Dear Friends,

In late January, I had a wonderful time attending the Blues Foundation’s International Blues Challenge in Memphis. This amazing competition brought together over 100 bands and 60 solo/duo artists from around the world, performing in 19 clubs on and around Beale Street. Plus, there were non-competitive showcase events for youth artists, intended to nurture the youngest generation of blues talent. I judged the band finals, and was truly impressed by the quality of the finalists. Selwyn Birchwood, an exciting young bluesman from Florida, was the band winner; he should have a terrific future in the blues. Little G Weevil, who won the solo/duo competition, was also excellent, with a deep feel for traditional styles. If you’ve never traveled to Memphis for the IBC, you’ve missed out on loads of fun and a glimpse of the breadth of blues talent waiting to reach national stages.

At Alligator, we’re thrilled with the wildly enthusiastic response we’re getting to the Alligator debut by young neo-soul singer/songwriter/guitarist Jesse Dee, On My Mind / In My Heart. Jesse’s already recorded the World Café show for NPR, has been booked on some major blues festivals, and has opened shows for James Hunter. He’s earned radio play on a whole lot of commercial stations and on virtually every blues show in the country. The San Francisco Chronicle called his album “a masterpiece.” Who are we to argue?

In April, we’ll be releasing our fifth album by the extraordinary Florida-based roots rocker JJ Grey and his band Mofro. It’s called This River, and it melds everything that has made JJ Alligator’s most popular artist–gritty vocals, swampy grooves, strutting horns, funky harmonica, and most important, JJ’s memorable, insightful lyrics, telling down-home tales that range from sagas of Deep South love and lust to harrowing stories of desperate people living on the edge, and sometimes falling off.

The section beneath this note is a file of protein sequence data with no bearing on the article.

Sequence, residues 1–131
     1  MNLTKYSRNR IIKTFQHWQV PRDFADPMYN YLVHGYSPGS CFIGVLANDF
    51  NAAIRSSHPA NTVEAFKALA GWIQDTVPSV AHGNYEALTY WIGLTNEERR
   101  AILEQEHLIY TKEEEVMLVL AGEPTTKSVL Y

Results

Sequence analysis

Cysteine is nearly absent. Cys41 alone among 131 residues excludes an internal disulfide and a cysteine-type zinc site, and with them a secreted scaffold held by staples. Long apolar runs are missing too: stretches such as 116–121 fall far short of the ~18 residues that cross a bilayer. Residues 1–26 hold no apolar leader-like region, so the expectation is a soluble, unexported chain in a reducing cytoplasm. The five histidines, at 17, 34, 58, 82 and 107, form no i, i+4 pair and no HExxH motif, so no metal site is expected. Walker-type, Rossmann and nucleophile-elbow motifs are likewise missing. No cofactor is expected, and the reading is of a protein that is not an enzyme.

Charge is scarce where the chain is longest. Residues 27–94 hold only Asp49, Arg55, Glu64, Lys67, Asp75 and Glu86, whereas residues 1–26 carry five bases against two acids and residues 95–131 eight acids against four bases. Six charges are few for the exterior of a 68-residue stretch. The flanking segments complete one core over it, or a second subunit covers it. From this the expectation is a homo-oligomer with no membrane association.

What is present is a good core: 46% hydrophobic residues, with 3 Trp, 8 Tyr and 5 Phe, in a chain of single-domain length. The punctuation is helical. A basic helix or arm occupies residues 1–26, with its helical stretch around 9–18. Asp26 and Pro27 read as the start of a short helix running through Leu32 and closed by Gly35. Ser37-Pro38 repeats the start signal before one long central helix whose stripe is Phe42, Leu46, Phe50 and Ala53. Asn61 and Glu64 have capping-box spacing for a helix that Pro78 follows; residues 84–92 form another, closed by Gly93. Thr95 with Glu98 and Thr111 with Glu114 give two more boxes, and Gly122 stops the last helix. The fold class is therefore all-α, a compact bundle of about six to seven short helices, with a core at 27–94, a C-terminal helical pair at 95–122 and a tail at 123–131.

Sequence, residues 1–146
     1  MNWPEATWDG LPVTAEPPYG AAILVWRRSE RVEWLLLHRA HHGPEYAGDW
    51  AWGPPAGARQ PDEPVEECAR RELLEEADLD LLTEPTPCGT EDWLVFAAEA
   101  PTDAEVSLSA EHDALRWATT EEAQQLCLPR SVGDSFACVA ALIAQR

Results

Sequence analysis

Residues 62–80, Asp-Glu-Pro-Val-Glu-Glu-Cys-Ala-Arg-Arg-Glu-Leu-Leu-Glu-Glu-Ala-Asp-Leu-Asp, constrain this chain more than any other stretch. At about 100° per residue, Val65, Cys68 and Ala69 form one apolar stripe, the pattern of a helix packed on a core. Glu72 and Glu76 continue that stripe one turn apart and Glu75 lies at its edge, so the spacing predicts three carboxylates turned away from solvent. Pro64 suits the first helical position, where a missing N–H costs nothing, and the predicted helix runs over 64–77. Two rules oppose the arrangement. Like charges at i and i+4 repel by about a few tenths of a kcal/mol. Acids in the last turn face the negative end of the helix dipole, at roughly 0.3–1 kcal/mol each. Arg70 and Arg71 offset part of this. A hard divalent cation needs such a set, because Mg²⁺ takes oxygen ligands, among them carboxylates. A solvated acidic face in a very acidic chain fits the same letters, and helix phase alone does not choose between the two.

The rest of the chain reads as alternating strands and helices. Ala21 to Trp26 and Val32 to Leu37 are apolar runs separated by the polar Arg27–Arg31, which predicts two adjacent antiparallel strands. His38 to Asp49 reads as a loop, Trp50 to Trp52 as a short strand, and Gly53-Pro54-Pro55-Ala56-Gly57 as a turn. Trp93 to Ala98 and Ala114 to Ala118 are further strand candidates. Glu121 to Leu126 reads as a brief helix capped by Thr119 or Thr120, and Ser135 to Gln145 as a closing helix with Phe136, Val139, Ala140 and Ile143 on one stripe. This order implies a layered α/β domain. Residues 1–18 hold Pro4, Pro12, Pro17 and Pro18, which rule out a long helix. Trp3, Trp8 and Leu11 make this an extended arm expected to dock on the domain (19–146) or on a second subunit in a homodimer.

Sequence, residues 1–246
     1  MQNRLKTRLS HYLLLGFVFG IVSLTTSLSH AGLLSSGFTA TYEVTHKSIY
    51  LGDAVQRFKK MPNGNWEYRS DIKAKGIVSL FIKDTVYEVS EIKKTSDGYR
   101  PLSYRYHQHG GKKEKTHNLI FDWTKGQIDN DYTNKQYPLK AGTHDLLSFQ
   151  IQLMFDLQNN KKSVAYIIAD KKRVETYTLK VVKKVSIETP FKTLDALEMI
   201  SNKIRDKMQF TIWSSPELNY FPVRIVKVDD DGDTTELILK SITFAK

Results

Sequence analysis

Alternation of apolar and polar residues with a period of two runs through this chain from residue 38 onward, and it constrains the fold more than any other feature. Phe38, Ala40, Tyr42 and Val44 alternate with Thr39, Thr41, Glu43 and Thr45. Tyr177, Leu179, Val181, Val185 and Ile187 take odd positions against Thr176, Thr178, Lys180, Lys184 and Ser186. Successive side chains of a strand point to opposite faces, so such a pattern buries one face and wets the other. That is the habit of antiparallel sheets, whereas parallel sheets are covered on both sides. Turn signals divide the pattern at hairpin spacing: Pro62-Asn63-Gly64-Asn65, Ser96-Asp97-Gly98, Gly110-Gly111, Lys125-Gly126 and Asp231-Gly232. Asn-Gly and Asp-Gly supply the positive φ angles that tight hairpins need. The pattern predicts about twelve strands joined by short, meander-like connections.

The record business sure is changing fast. As more and more traditional stores close, fans who want CDs are pretty much forced to shop online. CD sales of some of our older titles have gotten so slow that we’re finding it’s not viable to continue to press the small quantities we can sell. So, some of these albums are becoming available as downloads only. It’s the new reality and we can’t avoid it.

And now, back to Alligator history. Throughout 1986, I was recording an anthology called The New Bluebloods. My goal was to introduce ten of Chicago’s best younger artists, whom I hoped would prove to be the next crop of the city’s best blues men and women. The very first night of recording we cut so many raw, rocking tracks by Lil’ Ed and the Blues Imperials that I decided to release their debut, Roughhousin’, even before I finished The New Bluebloods. The other promising young artists I chose for the album were The Kinsey Report, Maurice John Vaughn, Melvin Taylor, The Sons of Blues with Billy Branch and J.W. Williams, as well as two artists who are no longer actively performing, guitarists John Watkins and Dion Payton, and two who died way too young, keyboardist Professor Eddie Lusk and big-voiced singer Valerie Wellington.

I believed so much in The Kinsey Report that I signed them for a full album. The Kinsey brothers were the sons of Big Daddy Kinsey, Gary, Indiana’s venerated old school bluesman. With Donald on guitar and vocals, Ralph on drums and Kenneth on bass, and their friend, guitarist Ron Prince, they were creating fresh, cutting-edge blues. They had a slew of original songs, including Corner of the Blanket, their terrific contribution to The New Bluebloods. Donald, in his early 30s, was one of the most exciting bluesmen I had heard in a long time. He had played with both Albert King and Bob Marley, so the whole band had a unique feel, combining blues, funk and reggae. They played with skin-tight intensity and a hard edge that felt like their blue-collar, “Steel City” hometown. We went into Streeterville Studios in late 1987 to cut Edge of the City, a visionary album that marked the emergence of an important new blues talent.

More next time,

Bruce Iglauer